TikTok is a wild place. Seriously—if you thought scrolling through Instagram was a time-suck, just wait and see what happens when you discover the “For You” page on TikTok—that includes the beauty and skincare trends that seem to get more outlandish by the day.
From applying toothpaste to your nails to help them grow to rubbing lemon on acne (eek! please don’t do this), TikTok is full of DIY recommendations that are, let’s just say, best taken with a grain of salt.
One recent trend popping up on the app? Taping potatoes onto zits to help bring down big cystic spots. Is there any merit to this? Potatoes are rich in vitamins and nutrients, some of which can be beneficial to the skin. So the main question is—would there be any reason to try this DIY treatment when plenty of dermatologist-approved, clinically-backed acne treatments exist? We spoke to an expert to find out.
How Potatoes May Benefit Skin
According to Boston-based board-certified dermatopathologist Gretchen Frieling, MD, there are several ways potatoes can benefit the skin. First, there’s the fact that “starches soothe inflammation and absorb oil.” Second, she notes, potatoes are rich in vitamin C which helps minimize the risk of developing dark spots as a pimple resolves.
A possible third potential factor? Potatoes contain an enzyme called catecholase, which, Frieling explains, is thought to brighten skin and eliminate dark spots.
What are Cytokines and How do They Help the Skin?
Cytokines are molecules that are released by cells in the immune system that “regulate inflammation, immunity, and hemopoiesis (the production of blood cells and platelets),” Freiling explains. Some cytokines fight and reduce inflammation while others increase inflammation.
Acne is an inflammatory condition that could be influenced by cytokines, Frieling says. She notes a 2013 study on mice which found that potato skin extracts had potential anti-inflammatory effects, which lends slight merit to the potato hack.
“[Additional studies] have led researchers to find that potato glycoalkaloids and other chemical compounds have the potential to reduce cytokines and inflammation,” Freiling explains. As there is significant evidence that cytokines can influence inflammatory acne and pain, it is believed that it is those glycoalkaloids that account for this benefit.
Still, while some research exists, it’s not enough to warrant tossing topical acne creams and gels to the side—especially when said “research” is being done on a social media platform by non-professionals. “It’s important to remember that the results TikTok users have seen is anecdotal—meaning it’s based on individual results and not clinical evidence,” says Frieling.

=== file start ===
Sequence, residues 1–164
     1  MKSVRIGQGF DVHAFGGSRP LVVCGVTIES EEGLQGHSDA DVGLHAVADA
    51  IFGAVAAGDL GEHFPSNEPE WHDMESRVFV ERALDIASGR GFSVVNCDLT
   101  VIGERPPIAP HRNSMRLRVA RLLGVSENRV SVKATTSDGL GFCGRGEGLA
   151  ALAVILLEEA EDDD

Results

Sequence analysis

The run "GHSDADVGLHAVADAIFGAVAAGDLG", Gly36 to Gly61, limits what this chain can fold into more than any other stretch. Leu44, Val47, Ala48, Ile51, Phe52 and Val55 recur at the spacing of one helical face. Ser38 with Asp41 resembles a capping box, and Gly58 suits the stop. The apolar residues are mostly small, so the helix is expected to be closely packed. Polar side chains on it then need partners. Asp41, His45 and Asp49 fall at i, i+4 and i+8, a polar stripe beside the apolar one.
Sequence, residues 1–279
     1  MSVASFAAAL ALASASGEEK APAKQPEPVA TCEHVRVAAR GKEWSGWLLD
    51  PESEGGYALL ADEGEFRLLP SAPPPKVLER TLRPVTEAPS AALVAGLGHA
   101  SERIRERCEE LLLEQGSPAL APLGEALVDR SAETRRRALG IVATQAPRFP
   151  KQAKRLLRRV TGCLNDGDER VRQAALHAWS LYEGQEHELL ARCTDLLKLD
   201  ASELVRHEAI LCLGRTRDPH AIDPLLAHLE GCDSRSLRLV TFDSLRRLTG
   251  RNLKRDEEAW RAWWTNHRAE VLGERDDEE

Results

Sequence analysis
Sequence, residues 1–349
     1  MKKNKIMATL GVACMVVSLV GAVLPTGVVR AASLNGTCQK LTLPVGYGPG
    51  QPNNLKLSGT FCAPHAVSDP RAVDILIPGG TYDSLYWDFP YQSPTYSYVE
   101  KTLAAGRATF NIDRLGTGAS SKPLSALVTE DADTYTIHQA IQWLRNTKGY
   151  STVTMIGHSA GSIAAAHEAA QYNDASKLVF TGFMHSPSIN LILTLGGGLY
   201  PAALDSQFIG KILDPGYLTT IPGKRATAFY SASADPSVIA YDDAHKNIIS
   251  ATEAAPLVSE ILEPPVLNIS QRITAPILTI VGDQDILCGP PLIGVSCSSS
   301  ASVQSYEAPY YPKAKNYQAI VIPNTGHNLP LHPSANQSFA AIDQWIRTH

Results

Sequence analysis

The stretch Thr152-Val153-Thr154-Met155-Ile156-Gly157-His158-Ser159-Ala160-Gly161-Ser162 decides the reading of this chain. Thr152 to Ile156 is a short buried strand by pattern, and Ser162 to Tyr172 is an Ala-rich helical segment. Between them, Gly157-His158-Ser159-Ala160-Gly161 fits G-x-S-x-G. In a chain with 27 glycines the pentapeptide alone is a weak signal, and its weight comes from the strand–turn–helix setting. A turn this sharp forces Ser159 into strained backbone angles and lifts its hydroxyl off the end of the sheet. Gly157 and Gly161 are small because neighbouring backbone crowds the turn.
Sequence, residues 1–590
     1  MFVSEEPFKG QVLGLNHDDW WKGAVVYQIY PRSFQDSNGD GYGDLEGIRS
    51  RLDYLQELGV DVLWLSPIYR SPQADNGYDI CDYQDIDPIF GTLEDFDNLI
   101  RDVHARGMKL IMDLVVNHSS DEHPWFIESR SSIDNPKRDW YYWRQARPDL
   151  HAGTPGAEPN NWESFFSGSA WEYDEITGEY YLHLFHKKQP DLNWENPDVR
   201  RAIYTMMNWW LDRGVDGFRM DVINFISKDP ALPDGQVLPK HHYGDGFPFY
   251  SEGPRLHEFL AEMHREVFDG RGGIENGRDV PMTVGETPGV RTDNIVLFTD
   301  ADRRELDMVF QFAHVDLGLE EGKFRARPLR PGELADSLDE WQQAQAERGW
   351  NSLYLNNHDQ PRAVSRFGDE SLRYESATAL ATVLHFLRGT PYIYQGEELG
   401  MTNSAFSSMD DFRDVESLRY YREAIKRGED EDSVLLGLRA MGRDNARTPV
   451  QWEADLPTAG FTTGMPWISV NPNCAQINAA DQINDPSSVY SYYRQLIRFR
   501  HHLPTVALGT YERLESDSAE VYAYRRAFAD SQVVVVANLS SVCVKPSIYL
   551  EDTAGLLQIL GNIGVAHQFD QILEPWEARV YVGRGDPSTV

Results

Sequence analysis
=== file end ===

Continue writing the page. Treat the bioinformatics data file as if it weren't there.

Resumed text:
How to Use Potatoes in a Skincare Regimen
Though TikTokers have slept with potato chunks taped to their faces, this isn’t how Frieling recommends trying this hack at home. First and foremost, wash the potato before peeling. “This is important, as washing the potato after you peel it washes away its beneficial properties,” Frieling warns.
“Then, peel the skin off entirely. Without wiping or rinsing the potato (the starchy juice is what’s valuable!), cut the potato in half-inch-thick round slices. Prep the skin by cleansing it as you usually would, and patch test the potato on the inside of your forearm. Take a slice of potato and start massaging it into the skin, rubbing it in circular motions all over the face. Leave for 10 minutes. If you feel stinging or itching, wash it off right away,” she says.
Who Should and Should Not Try This
For the occasional pimple, Frieling calls potatoes a “DIY hack worth trying,” though, unsurprisingly, she also says that for a long-term acne solution, it’s better to seek a dermatologist-designed treatment plan.
Also important to note: “[One study] reported a link between potato sensitivities and latex allergies, thanks to a protein called patatin,” Frieling notes. “Patatin is a major cause of potato allergy. So, if you have a known allergy to latex, do not use raw potatoes on your skin.” It’s also always recommended to do a patch test before applying anything new to your face.
Unless you’re allergic to potatoes (or latex), there’s likely no harm in trying this hack. Just remember that a salicylic acid or benzoyl peroxide spot treatment (or a cortisone shot from a board-certified dermatologist) is likely still more effective.
Though it’s tempting to try every easy DIY hack—especially when the item required is already in your kitchen—dermatologists advocate sticking to more tried-and-true (and research-backed) options.